New e-magazine service to replace print at Army libraries in February

Young man with digital tablet

U.S. Army garrison libraries in Europe will modernize their magazine service by replacing print magazines with e-magazines available anywhere with an Internet connection. (Photos.com)

By Dan Thompson
Installation Management Command Europe Public Affairs

On Feb. 1, U.S. Army garrison libraries in Europe will modernize their magazine service by replacing print magazines with e-magazines available anywhere with an Internet connection.

With the new Zinio digital magazines, authorized patrons will no longer have to wait for the latest editions of approximately 470 popular magazines, such as Women’s Health, Newsweek and National Geographic, to arrive from the United States.

“Traditional paper magazines typically arrive at our community libraries six to eight weeks after publication,” said IMCOM Europe Family and MWR Director Danny Ahern. “With this new service, you get instant access and all for free.”

While patrons are encouraged to check out the savings digital magazines offer, the savings also extend to Family and MWR, offering greater value for taxpayer and Soldier dollars used to support morale and recreation.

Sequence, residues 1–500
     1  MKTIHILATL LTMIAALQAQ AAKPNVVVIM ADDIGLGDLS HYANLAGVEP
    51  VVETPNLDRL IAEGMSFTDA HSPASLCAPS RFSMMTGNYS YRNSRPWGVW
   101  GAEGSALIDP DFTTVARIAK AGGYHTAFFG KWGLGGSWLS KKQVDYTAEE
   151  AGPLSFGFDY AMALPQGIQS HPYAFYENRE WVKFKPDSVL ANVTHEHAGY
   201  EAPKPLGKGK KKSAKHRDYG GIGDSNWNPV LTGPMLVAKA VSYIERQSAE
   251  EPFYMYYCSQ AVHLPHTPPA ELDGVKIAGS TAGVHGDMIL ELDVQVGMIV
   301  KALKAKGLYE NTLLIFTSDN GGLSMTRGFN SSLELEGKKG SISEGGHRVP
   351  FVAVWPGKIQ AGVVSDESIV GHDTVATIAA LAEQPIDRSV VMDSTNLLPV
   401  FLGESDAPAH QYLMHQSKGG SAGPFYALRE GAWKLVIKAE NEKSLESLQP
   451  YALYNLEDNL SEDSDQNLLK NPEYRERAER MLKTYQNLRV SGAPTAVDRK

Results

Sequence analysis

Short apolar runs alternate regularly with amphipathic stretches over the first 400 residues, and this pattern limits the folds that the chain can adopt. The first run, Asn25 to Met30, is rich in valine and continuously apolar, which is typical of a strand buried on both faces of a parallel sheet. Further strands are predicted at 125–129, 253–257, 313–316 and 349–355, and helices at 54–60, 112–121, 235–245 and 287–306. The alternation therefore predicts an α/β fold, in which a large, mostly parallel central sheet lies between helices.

“With so many titles available, this new service offers young Soldiers and their families a chance to access award-winning magazines anywhere with an Internet connection while saving approximately $30,000 in annual costs related to paper magazines,” Ahern said.

Other advantages include no waiting or checkout periods, interactive multimedia content, and the ability to read material on many devices, such as personal computers, tablets, and smartphones.

This new step into the 21st century follows an ongoing trend of making Family and MWR libraries in Europe an on-demand, 24-hour service accessible from anywhere on the globe with connectivity. However, with change does come some apprehension.

“We know that some of our valued patrons will initially feel more comfortable with traditional magazines,” Ahern said. “That is why we are ready to assist them in understanding the registration process and how e-magazines work on their preferred device. Once they see the functionality and convenience, we think they’ll agree this is a great value for our communities.”

Those without Internet access will also be able to access the new e-magazines at their local library at a computer terminal.

Those interested in learning more about the IMCOM Europe Libraries Digital Collection can do so by visiting here.